Source: Bleeding Cool
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Recently on tabloid website Bleeding Cool, chief rumormonger and general no-goodnik Rich Johnston has begun his campaign to spoil next year's big September DC Comics event. You may remember that Johnston was spilling the beans about Villain's Month in vague articles months before DC actually announced the event, and, if you don't remember that, you most certainly must remember the dozens more articles Johnston wrote bragging about predicting it and being right. In any case, after the reboot, Zero Month, and Villain's Month, it's obvious that September is going to feature a massive DC super-mega-ultra-crossover-gimmick event every year from now on, and, eight days into October, Johnston has already kicked off the cycle of rumors and boasting again.
According to Johnston, DC's plans for next year are to have all 52 books skip ahead five years in time, and just as DC's post-Infinite Crisis One Year Later gimmick launched the weekly book 52, so too will this event launch a weekly book. It's unclear whether the time jump will be permanent or temporary (Johnston says it's for "one month only," but if that were the case, what would be the need for an ongoing weekly series that, presumably, will fill in the space just like 52. Johnston makes sure to point out that plans can change (so he was right, whether or not he was right), and encourages readers to start looking out for clues:
Also watch for references in upcoming comic books to that date “it isn’t ready yet, but it will in five years time”, “you are to serve time in jail, five years, no parole”, that kind of thing.
So yeah, that might be happening. It might also be complete bullshit. Johnston claims in his article that Greg Rucka, who left DC on unpleasant terms a few years ago, will be involved in the weekly book part of the project along with Brian Azarello, Dan Jurgens, and Robert Vendetti, and Rucka quickly responded:
@TommyD I am not involved in that project, man. I'm just not. I don't know what else to say.— Greg Rucka (@ruckawriter) October 8, 2013
So who knows? Bleeding Cool gets rumors right, but they also get things wrong (usually right though). So this could be completely baseless speculation, and is in no way a confirmed story, so don't go trying to reset any counters or anything. Nevertheless, we know that people want to talk about it so, Ol' Jude Terror, that stalwart defender of DC Comics and its executive staff, is here to give you the top five reasons why, if this rumor does pan out, it will be awesome:
The Top Five Reasons Five Years Later Will Be Totally Awesome
5. DC will beat Marvel in the sales charts for another month.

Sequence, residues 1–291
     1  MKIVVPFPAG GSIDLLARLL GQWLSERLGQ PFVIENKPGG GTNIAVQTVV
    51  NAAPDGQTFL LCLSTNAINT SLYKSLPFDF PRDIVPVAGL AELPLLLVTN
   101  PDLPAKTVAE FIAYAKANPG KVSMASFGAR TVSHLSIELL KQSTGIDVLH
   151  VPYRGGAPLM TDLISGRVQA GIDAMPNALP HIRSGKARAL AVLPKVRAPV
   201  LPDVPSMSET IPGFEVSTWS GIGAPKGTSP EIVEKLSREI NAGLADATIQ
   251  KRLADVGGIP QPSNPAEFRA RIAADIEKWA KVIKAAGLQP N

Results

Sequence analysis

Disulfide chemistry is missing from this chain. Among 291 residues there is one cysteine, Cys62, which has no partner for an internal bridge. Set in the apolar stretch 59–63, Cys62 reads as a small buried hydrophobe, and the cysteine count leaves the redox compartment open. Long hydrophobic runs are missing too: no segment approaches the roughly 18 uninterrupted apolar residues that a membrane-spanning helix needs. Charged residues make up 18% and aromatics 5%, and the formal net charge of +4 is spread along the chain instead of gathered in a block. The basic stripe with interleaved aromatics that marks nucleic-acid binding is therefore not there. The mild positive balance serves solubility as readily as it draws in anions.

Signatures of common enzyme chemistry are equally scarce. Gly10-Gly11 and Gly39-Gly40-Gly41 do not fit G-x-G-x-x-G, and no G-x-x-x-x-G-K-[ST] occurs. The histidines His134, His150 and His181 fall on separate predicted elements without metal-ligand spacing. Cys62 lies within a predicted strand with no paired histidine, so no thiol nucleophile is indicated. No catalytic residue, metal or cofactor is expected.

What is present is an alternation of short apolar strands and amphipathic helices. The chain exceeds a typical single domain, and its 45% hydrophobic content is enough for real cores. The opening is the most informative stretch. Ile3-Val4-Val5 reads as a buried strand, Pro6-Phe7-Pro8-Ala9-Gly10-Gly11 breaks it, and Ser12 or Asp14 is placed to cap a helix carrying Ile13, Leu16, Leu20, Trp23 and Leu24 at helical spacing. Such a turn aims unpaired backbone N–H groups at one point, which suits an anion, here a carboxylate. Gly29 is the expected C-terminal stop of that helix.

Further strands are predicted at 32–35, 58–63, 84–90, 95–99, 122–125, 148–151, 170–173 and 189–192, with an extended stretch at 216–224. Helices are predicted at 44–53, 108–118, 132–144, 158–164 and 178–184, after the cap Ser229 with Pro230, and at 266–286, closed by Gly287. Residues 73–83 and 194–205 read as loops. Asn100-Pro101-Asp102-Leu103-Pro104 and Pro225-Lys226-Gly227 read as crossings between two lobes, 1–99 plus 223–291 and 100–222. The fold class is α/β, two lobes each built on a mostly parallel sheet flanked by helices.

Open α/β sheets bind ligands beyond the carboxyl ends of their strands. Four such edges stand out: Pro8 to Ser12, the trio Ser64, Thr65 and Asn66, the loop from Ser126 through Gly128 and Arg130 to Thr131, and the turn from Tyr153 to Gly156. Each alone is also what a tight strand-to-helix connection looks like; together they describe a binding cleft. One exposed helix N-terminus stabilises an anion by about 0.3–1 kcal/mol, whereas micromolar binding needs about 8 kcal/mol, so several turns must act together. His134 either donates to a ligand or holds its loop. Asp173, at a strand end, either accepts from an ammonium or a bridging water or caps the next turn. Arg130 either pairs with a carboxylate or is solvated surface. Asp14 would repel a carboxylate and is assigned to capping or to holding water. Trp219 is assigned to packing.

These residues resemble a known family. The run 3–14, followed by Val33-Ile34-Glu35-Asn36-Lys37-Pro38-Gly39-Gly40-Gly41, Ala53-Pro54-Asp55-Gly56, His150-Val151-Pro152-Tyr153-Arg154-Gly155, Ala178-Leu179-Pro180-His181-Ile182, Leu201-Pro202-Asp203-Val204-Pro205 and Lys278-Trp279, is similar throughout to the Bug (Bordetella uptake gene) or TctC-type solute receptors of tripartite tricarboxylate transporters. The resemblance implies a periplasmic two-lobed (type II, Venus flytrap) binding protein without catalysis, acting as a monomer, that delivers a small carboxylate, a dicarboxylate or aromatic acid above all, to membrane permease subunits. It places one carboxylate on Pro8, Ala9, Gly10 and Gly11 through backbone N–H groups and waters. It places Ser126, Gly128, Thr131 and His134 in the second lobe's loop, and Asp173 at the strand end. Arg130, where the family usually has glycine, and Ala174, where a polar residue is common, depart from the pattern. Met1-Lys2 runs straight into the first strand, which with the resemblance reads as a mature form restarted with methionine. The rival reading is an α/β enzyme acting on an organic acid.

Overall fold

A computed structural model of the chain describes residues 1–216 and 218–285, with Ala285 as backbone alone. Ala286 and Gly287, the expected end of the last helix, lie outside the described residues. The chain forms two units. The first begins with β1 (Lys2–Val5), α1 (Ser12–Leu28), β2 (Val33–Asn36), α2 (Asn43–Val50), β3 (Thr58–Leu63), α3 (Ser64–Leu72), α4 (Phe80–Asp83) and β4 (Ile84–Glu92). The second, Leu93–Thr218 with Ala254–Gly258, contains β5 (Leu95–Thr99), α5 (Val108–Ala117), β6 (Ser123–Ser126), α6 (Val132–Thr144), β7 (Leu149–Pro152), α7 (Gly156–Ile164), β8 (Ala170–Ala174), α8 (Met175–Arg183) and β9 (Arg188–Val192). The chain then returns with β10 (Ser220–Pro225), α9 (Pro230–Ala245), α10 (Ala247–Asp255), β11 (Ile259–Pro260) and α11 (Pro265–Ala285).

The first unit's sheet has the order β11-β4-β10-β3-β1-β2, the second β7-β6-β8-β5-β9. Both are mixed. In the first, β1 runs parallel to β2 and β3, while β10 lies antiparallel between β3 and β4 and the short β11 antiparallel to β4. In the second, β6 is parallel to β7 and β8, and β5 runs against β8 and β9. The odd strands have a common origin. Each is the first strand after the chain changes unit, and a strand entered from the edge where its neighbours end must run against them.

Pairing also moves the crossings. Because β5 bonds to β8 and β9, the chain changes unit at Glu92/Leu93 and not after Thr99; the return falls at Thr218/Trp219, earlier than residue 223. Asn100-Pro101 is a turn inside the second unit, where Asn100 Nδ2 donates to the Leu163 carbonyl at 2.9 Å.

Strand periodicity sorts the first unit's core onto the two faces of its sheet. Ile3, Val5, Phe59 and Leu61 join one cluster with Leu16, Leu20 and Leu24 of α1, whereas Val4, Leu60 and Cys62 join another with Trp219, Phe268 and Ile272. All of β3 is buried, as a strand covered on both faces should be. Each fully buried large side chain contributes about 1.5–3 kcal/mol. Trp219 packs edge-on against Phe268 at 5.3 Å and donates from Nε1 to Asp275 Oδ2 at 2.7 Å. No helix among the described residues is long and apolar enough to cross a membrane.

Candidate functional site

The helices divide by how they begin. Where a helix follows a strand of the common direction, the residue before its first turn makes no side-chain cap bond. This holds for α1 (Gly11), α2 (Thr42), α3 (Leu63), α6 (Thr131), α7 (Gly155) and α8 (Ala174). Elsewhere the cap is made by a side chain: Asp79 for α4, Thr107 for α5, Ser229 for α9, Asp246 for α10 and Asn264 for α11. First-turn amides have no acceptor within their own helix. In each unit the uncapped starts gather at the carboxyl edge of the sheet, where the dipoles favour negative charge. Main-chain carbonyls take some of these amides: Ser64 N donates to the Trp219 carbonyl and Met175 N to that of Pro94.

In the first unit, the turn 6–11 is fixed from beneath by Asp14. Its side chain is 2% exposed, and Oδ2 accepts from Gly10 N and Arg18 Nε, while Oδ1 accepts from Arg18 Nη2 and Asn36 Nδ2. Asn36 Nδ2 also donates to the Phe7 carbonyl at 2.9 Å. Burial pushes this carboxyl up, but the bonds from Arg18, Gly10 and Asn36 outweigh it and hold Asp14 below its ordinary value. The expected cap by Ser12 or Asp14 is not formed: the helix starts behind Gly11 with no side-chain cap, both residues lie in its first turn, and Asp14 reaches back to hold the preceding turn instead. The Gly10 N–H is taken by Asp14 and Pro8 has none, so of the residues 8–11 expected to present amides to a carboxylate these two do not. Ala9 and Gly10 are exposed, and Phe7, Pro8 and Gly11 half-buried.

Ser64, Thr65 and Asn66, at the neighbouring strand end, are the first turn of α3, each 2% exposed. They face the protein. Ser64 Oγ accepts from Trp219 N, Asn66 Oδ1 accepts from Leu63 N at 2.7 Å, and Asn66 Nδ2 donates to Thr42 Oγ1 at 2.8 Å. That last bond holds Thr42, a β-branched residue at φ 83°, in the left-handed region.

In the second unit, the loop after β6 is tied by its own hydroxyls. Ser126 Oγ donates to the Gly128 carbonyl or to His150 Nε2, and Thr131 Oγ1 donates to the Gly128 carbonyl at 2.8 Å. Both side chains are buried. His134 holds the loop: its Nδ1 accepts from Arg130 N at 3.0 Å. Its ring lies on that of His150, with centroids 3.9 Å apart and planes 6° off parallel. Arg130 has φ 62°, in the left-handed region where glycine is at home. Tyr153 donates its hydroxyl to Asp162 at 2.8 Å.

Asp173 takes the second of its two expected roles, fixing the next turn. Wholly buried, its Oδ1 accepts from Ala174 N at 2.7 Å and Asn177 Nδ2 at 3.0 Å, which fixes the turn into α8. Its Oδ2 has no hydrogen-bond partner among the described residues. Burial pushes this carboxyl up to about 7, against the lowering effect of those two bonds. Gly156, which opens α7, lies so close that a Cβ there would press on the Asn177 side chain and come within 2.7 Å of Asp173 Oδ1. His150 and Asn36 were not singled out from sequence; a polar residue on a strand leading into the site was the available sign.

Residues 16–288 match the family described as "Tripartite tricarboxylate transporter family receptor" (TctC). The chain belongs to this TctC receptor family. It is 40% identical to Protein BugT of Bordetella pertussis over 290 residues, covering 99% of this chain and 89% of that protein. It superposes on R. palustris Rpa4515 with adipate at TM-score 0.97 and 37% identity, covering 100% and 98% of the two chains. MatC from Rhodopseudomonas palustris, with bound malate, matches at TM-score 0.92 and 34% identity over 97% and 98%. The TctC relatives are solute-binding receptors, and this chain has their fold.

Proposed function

As a fan of DC Comics, nothing gives us more pleasure than DC's yearly trouncing of Marvel in the sales charts. Sure, Marvel wins the other eleven months out of the year, but we know in our hearts that if DC put out a line wide crossover event with 3D variant covers that gets allocated to shops creating an artificially inflated demand every month, then they'd win all year round.
So that's why, whenever we see Marvel fans celebrating Marvel's sales charts victory during any month between October and August, it doesn't bother us. They only win because DC lets them, for now, but when Bob Harras finally ushers in the Gimmickpocalypse, there will be a reckoning.
Oh, there will be a reckoning.
4. It's a new opportunity to get the reboot right.
DC has never had it easy with their continuity. When you have to have a super-mega-crossover event every couple of years, from the first Crisis to Flashpoint, for the explicit purpose of rearranging your continuity, it's safe to say you may have a continuity problem. DC seemed to recognize this when they decided to reboot their universe, throw all the continuity out, and start over from scratch. But before the reboot even occurred, DC was already sending out confusing messages to readers about what parts of the old continuity still happened, what parts didn't happen, and what parts happened, only differently.
Even a few years into this new Universe, DC still can't seem to keep things straight, having to retcon in things like Tim Drake never literally being called Robin or Lobo actually being a skinny reject from a Final Fantasy video game. The fact is, they blew a great opportunity. But now, by skipping ahead five years, they can introduce five more years of vague, off-panel continuity that not even they understand clearly. Then everything will be so fucked up, DC will have no choice but to reboot it again.